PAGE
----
If you’re comfortable reading books on a screen (web or downloadable app), ForwardChess will save you a lot of time:
No need to use a board and pieces, resetting again and again to play through variations.
No need to enter games or entire books into ChessBase.
No need to add more “stuff” to your physical chess library which, if you’re like me, could have hundreds of books in it already!
Try Before You Buy
If you walked into a real bookstore, you could peruse the books you were thinking of buying. Forward chess allows you to read samples, often including a chapter or two to see if the title is what you expect.
The 670+ books currently available on ForwardChess are usually cheaper than their print alternatives, and comparable to Amazon prices. And whether you get a physical book or a Kindle version, you can’t play through the moves without a board …
Most major publishers are represented, including Chess Stars, Everyman Chess, Quality Chess, and New in Chess. The notable exception is Gambit Publications.
Chessable has a lot of fans; I’ve used it some and I think it’s ok … but it doesn’t let me study the way I grew up doing with “regular” books. At least, I don’t know how to use it in this way.
ForwardChess books are intended to be read like physical books. It is a blessing for chess players. If you’re lazy, like me, and don’t want to take out a board and pieces any longer, there is no longer any excuse to not study!
With my posts on Mark Dvoretsky and Mihail Marin, it was only a matter of time before I devoted a post to another prolific superclass author.
Jacob Aagaard (1973 – ) was born in Horsholm, Denmark but for many years has represented Scotland. He earned his grandmaster title in 2007.
Aagaard’s most notable achievement as a player was his clear first place in the 2007 British Championship. He has also won the Championship of Scotland.
Not only does Aagaard have a great legacy as an author in his own right, he co-founded Quality Chess after writing a dozen books for Everyman Chess.
Quality Chess recruits top authors, including Marin, Boris Avrukh, Vasilios Kotronias, Artur Yusupov, and more.
A chess fanatic could safely buy a Quality Chess book sight unseen. I would not make this claim about any other chess publisher. Quality Chess also prints hardcover editions of their books: they have proven conclusively that players will pay for high quality work.
Anyway, this post is about Jacob Aagaard the author, so let’s get started, shall we? After all, he has won several Book of the Year awards from various entities.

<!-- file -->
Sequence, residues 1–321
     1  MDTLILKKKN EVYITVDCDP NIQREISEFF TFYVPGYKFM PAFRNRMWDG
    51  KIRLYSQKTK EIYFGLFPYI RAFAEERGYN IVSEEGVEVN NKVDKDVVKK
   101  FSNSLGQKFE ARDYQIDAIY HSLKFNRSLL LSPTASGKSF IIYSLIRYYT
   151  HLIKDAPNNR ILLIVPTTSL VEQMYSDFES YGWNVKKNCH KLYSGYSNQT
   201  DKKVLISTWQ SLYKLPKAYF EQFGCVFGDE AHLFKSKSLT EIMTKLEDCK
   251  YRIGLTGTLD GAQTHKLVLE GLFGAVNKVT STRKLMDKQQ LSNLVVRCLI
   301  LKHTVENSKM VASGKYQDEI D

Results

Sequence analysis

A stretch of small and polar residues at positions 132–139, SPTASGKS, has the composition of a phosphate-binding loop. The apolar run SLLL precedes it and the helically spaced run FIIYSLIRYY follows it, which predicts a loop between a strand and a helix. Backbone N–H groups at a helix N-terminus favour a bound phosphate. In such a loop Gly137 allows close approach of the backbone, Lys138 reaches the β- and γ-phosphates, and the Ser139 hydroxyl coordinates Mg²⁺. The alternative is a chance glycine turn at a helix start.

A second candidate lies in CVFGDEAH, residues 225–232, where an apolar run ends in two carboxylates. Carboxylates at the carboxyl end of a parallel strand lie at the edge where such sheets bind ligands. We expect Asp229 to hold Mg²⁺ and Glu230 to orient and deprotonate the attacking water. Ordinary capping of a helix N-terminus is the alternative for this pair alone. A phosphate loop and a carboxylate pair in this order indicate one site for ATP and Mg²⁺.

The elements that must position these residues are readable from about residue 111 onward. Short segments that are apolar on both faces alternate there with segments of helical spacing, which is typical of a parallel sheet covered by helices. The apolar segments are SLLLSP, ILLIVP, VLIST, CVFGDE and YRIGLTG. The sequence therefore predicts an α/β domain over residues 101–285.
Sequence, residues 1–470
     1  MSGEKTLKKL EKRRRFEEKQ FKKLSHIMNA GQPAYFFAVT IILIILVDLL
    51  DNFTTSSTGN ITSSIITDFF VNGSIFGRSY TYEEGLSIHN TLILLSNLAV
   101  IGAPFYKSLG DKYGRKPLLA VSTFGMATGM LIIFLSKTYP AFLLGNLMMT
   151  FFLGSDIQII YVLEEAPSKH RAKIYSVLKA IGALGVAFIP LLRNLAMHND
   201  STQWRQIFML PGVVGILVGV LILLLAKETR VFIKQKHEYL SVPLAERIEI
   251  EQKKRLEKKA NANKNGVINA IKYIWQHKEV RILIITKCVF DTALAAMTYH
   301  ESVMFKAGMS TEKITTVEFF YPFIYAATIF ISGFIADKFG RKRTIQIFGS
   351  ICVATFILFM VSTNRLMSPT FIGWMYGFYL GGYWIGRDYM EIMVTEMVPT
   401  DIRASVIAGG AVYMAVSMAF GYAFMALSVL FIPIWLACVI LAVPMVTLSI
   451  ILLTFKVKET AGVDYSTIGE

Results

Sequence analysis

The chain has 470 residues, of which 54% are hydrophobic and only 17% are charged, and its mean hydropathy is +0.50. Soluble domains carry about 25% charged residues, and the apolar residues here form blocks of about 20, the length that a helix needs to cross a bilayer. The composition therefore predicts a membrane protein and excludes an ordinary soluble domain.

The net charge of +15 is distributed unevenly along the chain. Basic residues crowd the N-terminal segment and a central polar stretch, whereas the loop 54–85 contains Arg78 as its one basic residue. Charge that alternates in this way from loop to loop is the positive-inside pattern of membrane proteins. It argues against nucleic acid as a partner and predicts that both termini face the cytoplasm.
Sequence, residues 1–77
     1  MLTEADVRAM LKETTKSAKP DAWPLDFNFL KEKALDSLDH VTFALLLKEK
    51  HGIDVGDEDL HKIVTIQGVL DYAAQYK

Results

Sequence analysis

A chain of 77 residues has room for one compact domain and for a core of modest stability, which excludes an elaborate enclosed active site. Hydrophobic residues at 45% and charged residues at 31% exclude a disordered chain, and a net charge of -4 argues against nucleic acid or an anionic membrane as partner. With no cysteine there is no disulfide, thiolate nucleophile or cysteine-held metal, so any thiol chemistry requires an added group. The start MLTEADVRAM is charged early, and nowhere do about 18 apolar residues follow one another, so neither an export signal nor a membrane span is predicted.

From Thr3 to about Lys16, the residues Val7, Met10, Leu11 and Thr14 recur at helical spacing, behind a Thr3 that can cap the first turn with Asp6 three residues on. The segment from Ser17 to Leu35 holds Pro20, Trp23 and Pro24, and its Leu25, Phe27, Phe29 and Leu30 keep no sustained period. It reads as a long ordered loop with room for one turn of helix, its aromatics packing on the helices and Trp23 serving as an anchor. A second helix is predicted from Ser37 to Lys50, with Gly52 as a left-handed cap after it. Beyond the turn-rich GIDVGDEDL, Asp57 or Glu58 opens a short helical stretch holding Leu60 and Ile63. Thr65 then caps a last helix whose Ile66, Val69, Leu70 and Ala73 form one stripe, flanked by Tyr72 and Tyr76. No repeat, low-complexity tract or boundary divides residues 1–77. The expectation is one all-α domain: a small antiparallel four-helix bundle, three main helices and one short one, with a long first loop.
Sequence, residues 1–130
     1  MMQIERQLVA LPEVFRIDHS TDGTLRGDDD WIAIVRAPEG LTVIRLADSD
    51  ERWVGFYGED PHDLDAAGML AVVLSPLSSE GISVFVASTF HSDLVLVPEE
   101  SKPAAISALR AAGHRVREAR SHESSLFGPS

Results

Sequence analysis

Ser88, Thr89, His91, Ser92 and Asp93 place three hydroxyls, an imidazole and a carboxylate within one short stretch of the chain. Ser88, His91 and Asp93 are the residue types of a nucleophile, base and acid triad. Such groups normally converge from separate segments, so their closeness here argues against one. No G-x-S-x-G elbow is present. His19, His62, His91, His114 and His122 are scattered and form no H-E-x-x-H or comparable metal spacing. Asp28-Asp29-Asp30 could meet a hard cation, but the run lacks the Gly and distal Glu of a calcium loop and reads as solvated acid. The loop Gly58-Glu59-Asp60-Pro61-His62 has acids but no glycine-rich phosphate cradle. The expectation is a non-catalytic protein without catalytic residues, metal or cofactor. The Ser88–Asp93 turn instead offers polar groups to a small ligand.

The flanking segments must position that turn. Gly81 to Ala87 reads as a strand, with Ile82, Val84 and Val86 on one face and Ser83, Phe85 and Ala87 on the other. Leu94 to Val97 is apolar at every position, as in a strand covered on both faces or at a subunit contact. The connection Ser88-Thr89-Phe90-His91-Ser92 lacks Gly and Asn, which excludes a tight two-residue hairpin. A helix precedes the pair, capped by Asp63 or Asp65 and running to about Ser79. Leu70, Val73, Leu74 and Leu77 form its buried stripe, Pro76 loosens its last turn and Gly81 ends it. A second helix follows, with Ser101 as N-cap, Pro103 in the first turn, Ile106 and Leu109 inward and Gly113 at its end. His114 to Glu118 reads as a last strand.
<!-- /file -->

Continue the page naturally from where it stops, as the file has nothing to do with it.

From 1998 through 2004, Aagaard produced “typical” opening guides for improving players. I haven’t read any of these, because they didn’t cover subject matter that interested me at the time.
Excelling at Positional Chess was in my wheelhouse, and I enjoyed it even more than the original Excelling at Chess! Aagaard’s presentation of examples is sublime. I have not read Excelling at Technical Chess, but have been wanting to do so for years! So much for willpower.
Aagaard helped launch Quality Chess with Practical Chess Defence (2006). While interesting, it was perhaps slightly disappointing. I would think writing about defense is harder than writing about attacking.
Still, one must admire Aagaard for never shying away from taking risks and expressing his chess ideas.
In 2008, the new Grandmaster kept firing with The Attacking Manual 1: Basic Principles and The Attacking Manual 2: Technique and Praxis. In my opinion, these works raised Aagaard from popular writer and chess thinker to elite trainer. I didn’t get through much of these two books, but I did work through a handful of chapters — Dvoretsky-esque in many ways, but also more straightforward. This is no accident: Aagaard has been very open about his admiration for Mark Dvoretsky over the years.
As attacking-challenged as I am, these works did help. I imagine serious study would reap huge rewards. This pair of books won English Chess Federation Book of the Year for 2010.
What a way to cap off a successful career! Surely Aagaard would now focus on running Quality Chess and not write too much more, right?
Well … Aagaard is more of a field general, it seems!
Starting in 2012, he produced a series of training manuals for improving players — even up to GM level and beyond. I think there’s even a reference to Boris Gelfand using some of Aagaard’s material to help prepare for his 2012 World Championship match with Viswanathan Anand…
I bought Grandmaster Preparation: Calculation (2012) in hardcover, and it was so worth it. A beautiful book worth the $40 or whatever I paid for it. The little bit I worked through stretched me and restructured some of my thinking processes! Wow!
I’m not exaggerating: I think serious worth with this book could take an Expert like me and raise him or her to 2200-2300. All ambitious players should get it, say, 1800 and above.
That it won the 2013 Association of Chess Professionals Book of the Year award is almost an afterthought.
I haven’t bought any other books in the series, because I hardly work on chess any longer, but they are: